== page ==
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The Vault at PfaffsAn Archive of Art and Literature by the Bohemians of Antebellum New York
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Text for Page 085 [03-05-1858]

thing that was said, ask Mrs Potter �whether she hadn�t
any other sort of pie?,� and after learning the name of every
dish on the table, conclude that he�d have some potatoes �with
plenty of steak gravy!�    He didn�t love his mother or father
one bit, all his interests centering in George Patten.    The
mother was really fond of her cub and tried her weak
best to lick him into likeableness.      She is a well meaning woman,
but quite an incomplete nature, talks too much, is a violent
partisan in most things, don�t bear malice, is hardly ever
in good health � like all Yankee women � and sometimes talks
of her husband as though he were the most loveable of men,
at other times, that she wouldn�t mind quitting him.   They
have their �spats� and snarls, in which she generally holds
her own.   Of late she�s been championing an old politician �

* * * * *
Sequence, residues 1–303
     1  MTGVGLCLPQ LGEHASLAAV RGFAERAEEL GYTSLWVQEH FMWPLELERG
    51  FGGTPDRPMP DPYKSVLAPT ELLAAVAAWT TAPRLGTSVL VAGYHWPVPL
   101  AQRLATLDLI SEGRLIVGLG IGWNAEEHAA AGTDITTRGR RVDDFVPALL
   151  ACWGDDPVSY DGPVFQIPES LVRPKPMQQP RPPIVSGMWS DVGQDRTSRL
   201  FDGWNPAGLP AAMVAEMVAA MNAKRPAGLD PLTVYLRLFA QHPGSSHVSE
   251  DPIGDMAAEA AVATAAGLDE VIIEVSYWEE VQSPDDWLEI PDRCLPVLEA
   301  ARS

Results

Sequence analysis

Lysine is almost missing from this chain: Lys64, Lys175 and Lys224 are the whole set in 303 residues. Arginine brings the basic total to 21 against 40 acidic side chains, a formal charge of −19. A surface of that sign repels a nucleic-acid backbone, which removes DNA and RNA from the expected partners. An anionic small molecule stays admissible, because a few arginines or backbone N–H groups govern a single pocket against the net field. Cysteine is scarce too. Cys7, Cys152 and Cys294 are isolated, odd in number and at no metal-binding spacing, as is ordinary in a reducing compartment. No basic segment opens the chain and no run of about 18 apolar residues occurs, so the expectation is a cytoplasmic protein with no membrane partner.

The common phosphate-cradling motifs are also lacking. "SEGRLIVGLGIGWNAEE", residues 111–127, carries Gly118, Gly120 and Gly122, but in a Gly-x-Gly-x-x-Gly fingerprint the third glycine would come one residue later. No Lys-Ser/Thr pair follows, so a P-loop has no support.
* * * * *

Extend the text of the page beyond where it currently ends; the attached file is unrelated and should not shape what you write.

one Gen. Nye, accused of availing himself of his position in
the Police, to make the men present him with a house and lot,
to such an extent that I wonder the baby wasn�t born with
a house and lot marked on it.      I think Nye was instru-
mental in getting her husband his place.
  Down town, to Leslie�s � not Franks.  Rest of the day
in doors.   Some drawing at night.
  6.  Saturday.  Another child born in the house, to Mrs
Eldredge, Mrs Potter�s niece.  She is a rather pleasant-looking
little woman, her husband a short, stout, partially bald,
bearded good humored man � I think, a very good fellow.
They seem very happy together. This child�s a boy.  They have
another, little Jenny, whom the grandparents will have with
them on Randall�s island.            Down town in the afternoon
to the Times, Tribune & Pic Offices.  Met Horace Greeley coming               
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